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Tuesday, January 24, 2012

Principles of (bad) conversations

1. We acknowledge one another as equals.

Remember to acknowledge everyone as equals, if you expect them to be able to listen intently (and so remember what has already been said), follow-up with what they have listened, and speak concisely and not hog air-time. But don't worry, because chances are that they won't,  so this is your opportunity to clobber the conversation.

The dangerous thing is to treat everyone as stupid or 'unequals', because if you do so, you will be too forgiving and patient to have a bad conversation.

2. We try to stay curious about each other.

Always wonder why on earth would they want so much to be right, since there are much more to learn from being wrong! Don't be fooled by their wanting to clarify themselves and that they have been frequently misunderstood.  Always be curious about why and how much ego they must have to not to want to listen to you, especially when you are older than them. Remember to insist that they are the egoistic one and not you. That way, you frustrate them and then they will blow up into a really bad conversation.

3. We recognize that we need each other's help to become better listeners.

This is your great opportunity to speak at length in your best English in complete sentences and to describe every nook and corner of your idea in monumental detail, to show others how clever you are and to teach others to be patient in listening. Reprimand them if they dare interrupt your speech. That way, they will have a lot of time to listen to you.

If you do this well enough, you may actually even get to listen to yourself. Learn how to speak general nothings in eloquent English, so that the conversation will still sound  impressive without getting into being good.

4. We slow down so we have time to think and reflect.

When the conversation is converging too quickly to a point, slow it down by throwing in some general statements to keep it divergent. Like, " there is no right or wrong answers", "there are many views and there are many ways of looking at them...", or "Over here, we all have different opinons, but we learn to accept everyone...".

But remember to say something that sits on high moral grounds and that is not contentious. The best way to do it is to quote from some famous motivational speakers and seminars you have attended. That way, you sound impartial and credible, and at the same time , throw everyone out of their tracks towards some understanding on converged points. So preferably, what you quote should be something out of context, otherwise you risk enlightening everyone. This is also to give them time to think and reflect instead of worshipping some singularly boring convergent 'truths'.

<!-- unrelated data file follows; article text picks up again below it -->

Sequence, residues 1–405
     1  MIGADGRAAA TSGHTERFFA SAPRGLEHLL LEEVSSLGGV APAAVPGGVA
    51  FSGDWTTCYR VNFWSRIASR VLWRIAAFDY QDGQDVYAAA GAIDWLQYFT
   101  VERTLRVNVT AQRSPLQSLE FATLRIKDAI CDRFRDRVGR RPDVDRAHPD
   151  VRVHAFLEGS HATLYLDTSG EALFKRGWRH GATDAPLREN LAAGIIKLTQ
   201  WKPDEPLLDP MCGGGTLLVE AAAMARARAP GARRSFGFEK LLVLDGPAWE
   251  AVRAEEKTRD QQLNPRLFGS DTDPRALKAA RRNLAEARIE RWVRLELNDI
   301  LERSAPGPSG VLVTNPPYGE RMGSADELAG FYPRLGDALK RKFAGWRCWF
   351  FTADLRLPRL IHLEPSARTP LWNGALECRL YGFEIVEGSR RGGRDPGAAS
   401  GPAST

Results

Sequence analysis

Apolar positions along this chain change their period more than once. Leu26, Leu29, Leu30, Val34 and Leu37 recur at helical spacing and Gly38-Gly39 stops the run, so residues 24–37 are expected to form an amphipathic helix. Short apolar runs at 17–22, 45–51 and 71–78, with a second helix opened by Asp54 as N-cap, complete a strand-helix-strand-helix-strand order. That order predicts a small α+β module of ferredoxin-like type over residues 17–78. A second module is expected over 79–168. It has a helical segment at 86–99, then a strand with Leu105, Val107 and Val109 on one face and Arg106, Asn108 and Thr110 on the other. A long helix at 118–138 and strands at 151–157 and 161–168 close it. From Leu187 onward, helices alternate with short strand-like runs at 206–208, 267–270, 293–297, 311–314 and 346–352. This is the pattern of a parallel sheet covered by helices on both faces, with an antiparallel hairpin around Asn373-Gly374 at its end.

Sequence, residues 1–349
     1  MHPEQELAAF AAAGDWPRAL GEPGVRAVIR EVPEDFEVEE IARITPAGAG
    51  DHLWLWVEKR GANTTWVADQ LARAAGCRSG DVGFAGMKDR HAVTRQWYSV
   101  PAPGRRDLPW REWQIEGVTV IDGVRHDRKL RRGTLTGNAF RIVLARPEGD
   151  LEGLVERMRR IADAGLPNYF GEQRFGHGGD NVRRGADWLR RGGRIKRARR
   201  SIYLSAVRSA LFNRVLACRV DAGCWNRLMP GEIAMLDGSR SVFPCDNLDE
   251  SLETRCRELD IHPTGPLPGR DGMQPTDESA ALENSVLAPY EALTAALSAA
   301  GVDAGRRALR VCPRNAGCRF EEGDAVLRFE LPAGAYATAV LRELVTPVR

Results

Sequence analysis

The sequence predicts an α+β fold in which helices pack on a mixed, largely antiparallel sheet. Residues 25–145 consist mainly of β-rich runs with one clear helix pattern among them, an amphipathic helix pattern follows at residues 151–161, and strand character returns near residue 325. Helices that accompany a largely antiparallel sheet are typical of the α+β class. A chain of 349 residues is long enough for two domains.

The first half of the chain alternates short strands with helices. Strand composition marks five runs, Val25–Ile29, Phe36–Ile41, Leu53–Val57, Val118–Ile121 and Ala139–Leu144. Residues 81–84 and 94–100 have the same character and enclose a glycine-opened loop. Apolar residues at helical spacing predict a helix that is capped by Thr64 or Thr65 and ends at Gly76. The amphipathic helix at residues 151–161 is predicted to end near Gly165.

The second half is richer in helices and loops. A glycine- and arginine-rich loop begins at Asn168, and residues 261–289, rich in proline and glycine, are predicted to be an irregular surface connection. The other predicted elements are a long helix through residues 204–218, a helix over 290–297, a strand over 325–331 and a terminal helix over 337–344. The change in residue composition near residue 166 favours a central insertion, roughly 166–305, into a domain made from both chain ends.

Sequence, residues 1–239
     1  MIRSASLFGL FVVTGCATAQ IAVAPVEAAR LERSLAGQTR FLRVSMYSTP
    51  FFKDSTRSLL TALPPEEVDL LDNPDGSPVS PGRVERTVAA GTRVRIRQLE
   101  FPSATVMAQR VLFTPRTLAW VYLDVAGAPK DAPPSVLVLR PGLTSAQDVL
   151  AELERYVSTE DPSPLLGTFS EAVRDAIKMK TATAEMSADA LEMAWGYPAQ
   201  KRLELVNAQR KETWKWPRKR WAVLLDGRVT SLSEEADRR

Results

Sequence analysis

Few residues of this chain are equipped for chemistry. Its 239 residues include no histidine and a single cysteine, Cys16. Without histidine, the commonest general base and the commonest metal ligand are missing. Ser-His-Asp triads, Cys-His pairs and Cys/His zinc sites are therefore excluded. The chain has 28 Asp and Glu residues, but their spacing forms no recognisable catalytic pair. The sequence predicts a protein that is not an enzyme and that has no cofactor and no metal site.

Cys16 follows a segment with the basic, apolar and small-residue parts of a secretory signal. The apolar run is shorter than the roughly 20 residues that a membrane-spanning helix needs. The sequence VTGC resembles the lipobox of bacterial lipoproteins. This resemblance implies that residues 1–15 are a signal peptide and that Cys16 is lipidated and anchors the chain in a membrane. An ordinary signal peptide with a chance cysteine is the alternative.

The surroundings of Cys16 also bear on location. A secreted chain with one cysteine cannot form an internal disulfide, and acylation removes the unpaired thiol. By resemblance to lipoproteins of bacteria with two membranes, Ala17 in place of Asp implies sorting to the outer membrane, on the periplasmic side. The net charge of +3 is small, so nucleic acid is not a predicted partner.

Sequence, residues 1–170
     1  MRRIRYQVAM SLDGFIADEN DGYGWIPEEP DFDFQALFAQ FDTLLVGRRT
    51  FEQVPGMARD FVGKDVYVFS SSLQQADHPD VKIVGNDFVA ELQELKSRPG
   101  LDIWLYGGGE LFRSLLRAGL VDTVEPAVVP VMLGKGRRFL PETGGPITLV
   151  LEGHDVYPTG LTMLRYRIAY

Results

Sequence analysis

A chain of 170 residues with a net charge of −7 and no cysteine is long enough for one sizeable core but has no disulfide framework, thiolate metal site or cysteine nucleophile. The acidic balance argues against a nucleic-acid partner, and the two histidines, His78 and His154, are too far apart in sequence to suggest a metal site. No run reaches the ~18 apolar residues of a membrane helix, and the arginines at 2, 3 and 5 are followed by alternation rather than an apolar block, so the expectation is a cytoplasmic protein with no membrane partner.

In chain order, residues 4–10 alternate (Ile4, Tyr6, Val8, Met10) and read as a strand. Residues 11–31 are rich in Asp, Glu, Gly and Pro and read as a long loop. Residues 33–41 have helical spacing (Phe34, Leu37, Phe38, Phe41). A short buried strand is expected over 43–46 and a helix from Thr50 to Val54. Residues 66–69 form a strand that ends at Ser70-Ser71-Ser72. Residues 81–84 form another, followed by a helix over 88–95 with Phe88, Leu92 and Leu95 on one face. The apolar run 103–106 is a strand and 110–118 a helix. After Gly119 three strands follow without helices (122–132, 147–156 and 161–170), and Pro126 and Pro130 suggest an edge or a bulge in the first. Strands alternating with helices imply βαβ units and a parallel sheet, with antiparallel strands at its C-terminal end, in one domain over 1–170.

5. We remember that conversation is the natural way humans think together.

Conversation and thinking are natural. They are as natural as crying out loud or walking over to the other person who disagrees with you and giving him one-tight slap! So don't break the spontanaeity. Even if you know that some speakers are spewing utter rubbish and wasting everyone's time, BE NATURAL! DON'T BREAK THE SPONTAENITY!

6. We expect it to be messy at times.

Yes! This is when you congratulate those who crack vulgar and irrelevant jokes at critical points of the discussion. Tell them that they are helping the rest of us get out of our tunnel visions and out of the box. Not doing so will allow everyone to flow too well into a good conversation. No, no, no, we can't have that!

Lastly, there is this mother of all principles of (good and bad) conversations. In fact, if you master this one, there may be no conversations to start off with. It goes:

"Maturity begins when we're content to feel we're right about something, without feeling the necessity to prove someone else is wrong."    --  Sydney J. Harris (1917-1986)

Note: This post is a parody of "Principles of Conversation". It shows that we can also learn from negative demonstrations. Also, points made on politically correct high moral grounds can still be twisted anyway you want if there is malice. I hope this article can be taken in the spirit of learning, albeit an unusual one. In other words and in the context of this post, the essential ingredient of a good conversation is compassion. Compassion = kindness + wisdom.

ps. Wrote this on my iPhone while waiting for relatives to visit me on Chinese New Year's Day.  As you probably suspect, nobody came!!  Guess they don't like bad conversations!

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